jessica Care moore

jessica Care moore recites one of her poems about Detroit before talking to the audience about how she believes cities and artists should partner to tell better stories.

EDITOR'S NOTE: Richland Source’s Rising from Rust team traveled to Detroit, Michigan from Oct. 28 to 30 for CityLab Detroit, a summit organized by the Aspen Institute, The Atlantic, and Bloomberg Philanthropies. The story below relates to one of the sessions at that convention.

DETROIT – In a time where the “most mobile people” choose where to live based on place, not job opportunity, Detroit, Michigan has some competition.

So does New York City, Los Angeles, Columbus and of course, (comparatively) little Mansfield, Ohio.

A whopping 64 percent of college-educated 25-to 34-year-olds choose the city they want to live in before looking for a job, according to a June 2017 article titled “Do People Really Move for Better Cities?” on Livability.com.

This spells bad news for any place, small or large, that isn’t effectively telling its own story.

Enter artists.

jessica Care moore, a Detroit-based poet and performance artist believes there’s a partnership that be further explored between artists and the cities where they live. She explained her idea in front of hundreds of mayors and other city leaders in a session called "The Power of the Arts” at CityLab Detroit.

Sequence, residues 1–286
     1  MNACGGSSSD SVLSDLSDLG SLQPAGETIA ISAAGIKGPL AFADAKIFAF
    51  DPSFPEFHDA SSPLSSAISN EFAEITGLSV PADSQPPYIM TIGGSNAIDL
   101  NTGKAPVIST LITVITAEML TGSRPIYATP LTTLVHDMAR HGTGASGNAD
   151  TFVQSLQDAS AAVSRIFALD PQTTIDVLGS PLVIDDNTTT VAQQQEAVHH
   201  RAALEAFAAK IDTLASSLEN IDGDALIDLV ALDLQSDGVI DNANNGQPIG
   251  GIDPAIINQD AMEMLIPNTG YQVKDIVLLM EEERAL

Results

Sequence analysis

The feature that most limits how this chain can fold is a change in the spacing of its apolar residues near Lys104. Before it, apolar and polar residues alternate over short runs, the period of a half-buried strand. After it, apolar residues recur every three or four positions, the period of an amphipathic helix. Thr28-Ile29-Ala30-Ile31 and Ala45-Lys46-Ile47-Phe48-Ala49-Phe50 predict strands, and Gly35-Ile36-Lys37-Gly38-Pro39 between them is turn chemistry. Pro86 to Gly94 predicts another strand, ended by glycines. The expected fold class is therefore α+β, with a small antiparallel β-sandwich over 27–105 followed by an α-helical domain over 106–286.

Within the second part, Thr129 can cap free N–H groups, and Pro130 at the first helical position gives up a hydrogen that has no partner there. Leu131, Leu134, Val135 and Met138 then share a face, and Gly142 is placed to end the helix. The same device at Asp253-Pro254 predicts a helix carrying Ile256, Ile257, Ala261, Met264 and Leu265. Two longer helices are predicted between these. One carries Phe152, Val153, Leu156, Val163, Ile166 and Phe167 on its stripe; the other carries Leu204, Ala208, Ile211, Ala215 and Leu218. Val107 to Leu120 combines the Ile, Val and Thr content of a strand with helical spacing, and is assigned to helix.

"You can't build a city without artists," moore said. "If you want a city to be talked about on a global stage, then you need people like me: artists who paint, draw, and write, who come from cities that they are very proud of, to represent.”

While living and working in New York City, moore – who does indeed write her name in lowercase – would often make a point to say, “I’m from Detroit.” It was something like a mantra to her. And she’d correct people when they got it wrong.

moore has traveled all of the world, but Detroit is the city that molded her, shaped her and ultimately made her. The art she creates reflects this.

She started her session by reciting a poem about the city and ended with another. Further, she shared how the Knight Foundation provided financial support for her to write a techno ballet on Detroit’s future. The piece about the city in 2071 will open in June 2019.

Art costs money, but it’s vital to the future of cities, moore explained.

She suggested a Bureau of Cultural Affairs, as she’s seen in other cities. The entity could promote and financial support artists who could draw others to the city through their work, or act as ambassadors for the city.  

“It’s the artists that actually represent the heartbeat, the sole of the city … to not include them … it’s a disservice to the city,” she said.

The City of Detroit does not currently have a Bureau of Cultural Affairs, but moore says she's conversed with the mayor and other city leadership about the notion. 

In the meantime, moore has partnered with organizations like the Detroit Public Library to support the arts through events like a poetry slam competition. 

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